A safe, reliable water supply is crucial for the vitality of the San Diego region’s $222 billion economy and quality of life for 3.3 million residents. To maximize the reliability of those supplies, the Water Authority is executing a long-term strategy to diversify its water sources, make major investments in the region’s water delivery and storage system, and improve water use efficiency.
In 1991, the San Diego region was 95 percent reliant on a single supplier of imported water – the Metropolitan Water District of Southern California. This made the region extremely vulnerable to water supply shortages. That year, an ongoing drought forced MWD to cut deliveries to the San Diego region by 31 percent.
As a result of that crisis, the Water Authority’s Board of Directors approved a strategy to aggressively diversify the region’s water supply portfolio by developing new local and imported water supplies. This strategy already is enhancing regional supply reliability. By 2012, the San Diego region had reduced its reliance on MWD supplies to 45 percent.
The Water Authority is working with its 24 member agencies to develop local resources such as groundwater, recycled water, seawater desalination, and conservation. By 2020, local water supplies are projected to meet more than a third of the region’s water demand.
The Water Authority also has secured new imported water supplies through a 45- to 75-year water conservation-and-transfer agreement with the Imperial Irrigation District. The deal, reached in 2003, will provide 70,000 acre-feet of highly reliable Colorado River water in 2010 and increases to 200,000 acre-feet annually by 2021. In addition, the Water Authority has a separate 110-year agreement to receive Colorado River water conserved by lining sections of the Coachella and All-American canals. These projects provide 80,000 acre-feet of water to the region annually.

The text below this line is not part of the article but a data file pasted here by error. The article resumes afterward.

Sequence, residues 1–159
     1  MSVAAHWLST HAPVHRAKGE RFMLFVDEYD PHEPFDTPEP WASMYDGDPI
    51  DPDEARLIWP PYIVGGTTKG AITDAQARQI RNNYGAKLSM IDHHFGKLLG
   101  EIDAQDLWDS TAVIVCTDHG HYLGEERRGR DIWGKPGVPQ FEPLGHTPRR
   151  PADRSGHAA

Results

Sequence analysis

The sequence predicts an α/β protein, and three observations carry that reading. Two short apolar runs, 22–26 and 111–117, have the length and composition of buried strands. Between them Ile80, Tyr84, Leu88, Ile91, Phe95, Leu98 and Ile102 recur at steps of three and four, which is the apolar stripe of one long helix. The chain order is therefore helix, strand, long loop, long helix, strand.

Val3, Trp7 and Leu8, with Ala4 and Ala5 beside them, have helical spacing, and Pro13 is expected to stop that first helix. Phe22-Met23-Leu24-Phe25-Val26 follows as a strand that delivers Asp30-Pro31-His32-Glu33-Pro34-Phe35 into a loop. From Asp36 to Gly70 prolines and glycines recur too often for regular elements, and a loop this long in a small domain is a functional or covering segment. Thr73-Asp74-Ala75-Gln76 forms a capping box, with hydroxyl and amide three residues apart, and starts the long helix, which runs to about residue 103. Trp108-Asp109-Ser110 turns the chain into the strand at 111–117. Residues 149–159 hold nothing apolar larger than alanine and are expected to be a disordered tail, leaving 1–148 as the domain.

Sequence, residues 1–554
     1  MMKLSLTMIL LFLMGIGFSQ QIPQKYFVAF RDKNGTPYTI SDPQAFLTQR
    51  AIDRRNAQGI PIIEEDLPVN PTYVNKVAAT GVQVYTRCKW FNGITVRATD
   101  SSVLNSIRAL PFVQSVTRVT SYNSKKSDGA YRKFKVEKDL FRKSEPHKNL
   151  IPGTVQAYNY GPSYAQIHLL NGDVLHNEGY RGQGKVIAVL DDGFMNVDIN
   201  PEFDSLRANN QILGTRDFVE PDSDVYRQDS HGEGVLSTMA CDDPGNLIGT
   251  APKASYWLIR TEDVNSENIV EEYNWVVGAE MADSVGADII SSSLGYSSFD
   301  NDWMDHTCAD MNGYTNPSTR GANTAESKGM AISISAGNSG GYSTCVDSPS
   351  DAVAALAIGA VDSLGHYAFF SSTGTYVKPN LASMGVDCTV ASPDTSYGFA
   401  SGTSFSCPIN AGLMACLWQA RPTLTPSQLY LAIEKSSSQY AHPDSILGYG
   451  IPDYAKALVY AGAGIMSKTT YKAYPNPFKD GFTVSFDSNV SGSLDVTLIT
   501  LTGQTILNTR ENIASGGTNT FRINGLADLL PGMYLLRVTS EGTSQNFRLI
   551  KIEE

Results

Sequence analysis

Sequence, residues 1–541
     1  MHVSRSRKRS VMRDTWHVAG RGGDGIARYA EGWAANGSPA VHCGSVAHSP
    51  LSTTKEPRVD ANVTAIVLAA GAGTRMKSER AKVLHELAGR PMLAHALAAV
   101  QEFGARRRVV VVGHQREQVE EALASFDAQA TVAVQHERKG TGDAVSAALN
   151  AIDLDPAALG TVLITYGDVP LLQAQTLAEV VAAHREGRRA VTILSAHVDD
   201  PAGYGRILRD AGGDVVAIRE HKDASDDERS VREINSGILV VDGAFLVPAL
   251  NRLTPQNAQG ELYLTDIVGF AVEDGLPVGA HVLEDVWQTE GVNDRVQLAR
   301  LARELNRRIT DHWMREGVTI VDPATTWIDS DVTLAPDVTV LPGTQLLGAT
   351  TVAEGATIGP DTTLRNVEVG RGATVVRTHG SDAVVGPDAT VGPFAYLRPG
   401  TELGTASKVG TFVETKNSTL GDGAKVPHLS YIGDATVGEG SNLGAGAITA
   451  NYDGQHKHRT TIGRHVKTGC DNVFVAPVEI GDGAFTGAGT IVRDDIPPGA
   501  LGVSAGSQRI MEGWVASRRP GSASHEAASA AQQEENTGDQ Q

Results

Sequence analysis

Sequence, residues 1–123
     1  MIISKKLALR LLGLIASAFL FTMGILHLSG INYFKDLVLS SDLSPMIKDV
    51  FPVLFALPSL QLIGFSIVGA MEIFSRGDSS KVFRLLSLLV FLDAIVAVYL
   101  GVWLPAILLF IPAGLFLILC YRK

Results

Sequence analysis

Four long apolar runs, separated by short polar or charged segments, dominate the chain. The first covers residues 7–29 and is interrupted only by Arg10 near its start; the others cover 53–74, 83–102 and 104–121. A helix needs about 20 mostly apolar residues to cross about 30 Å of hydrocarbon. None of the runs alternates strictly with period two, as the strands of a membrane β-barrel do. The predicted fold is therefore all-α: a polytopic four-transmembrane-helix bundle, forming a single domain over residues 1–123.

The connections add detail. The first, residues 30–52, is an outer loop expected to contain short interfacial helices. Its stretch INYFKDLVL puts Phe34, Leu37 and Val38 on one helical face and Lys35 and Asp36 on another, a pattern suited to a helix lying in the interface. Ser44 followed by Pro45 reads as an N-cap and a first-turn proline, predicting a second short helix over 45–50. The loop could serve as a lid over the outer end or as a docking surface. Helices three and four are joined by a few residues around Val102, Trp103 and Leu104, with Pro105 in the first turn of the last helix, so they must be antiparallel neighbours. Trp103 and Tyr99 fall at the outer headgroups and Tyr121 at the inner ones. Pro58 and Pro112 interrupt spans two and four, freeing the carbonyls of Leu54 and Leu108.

What is an Acre-Foot?
An acre-foot is 325,900 gallons – roughly enough to submerge an entire football field a foot deep. It's approximately the amount used by two single-family households of four people for a year.
The Water Authority also is in the final stages of executing a $3.1 billion Capital Improvement Program to improve regional water delivery and storage capacity. The program includes dozens of projects, including new reservoirs, pipelines, pump stations and a regional water treatment facility. The work includes raising San Vicente Dam in East County by 117 feet to provide 152,100 acre-feet of additional local storage.
In addition to developing new water supplies, the region needs to use existing water resources as efficiently as possible. That’s why conservation has been a key component of the Water Authority’s supply diversification strategy for the past two decades. The Water Authority works with its member agencies and other partners to offer programs that improve water-use efficiency for residential, commercial and agricultural users, and promote conservation as a way of life.
Conservation information is available at WaterSmartsd.org.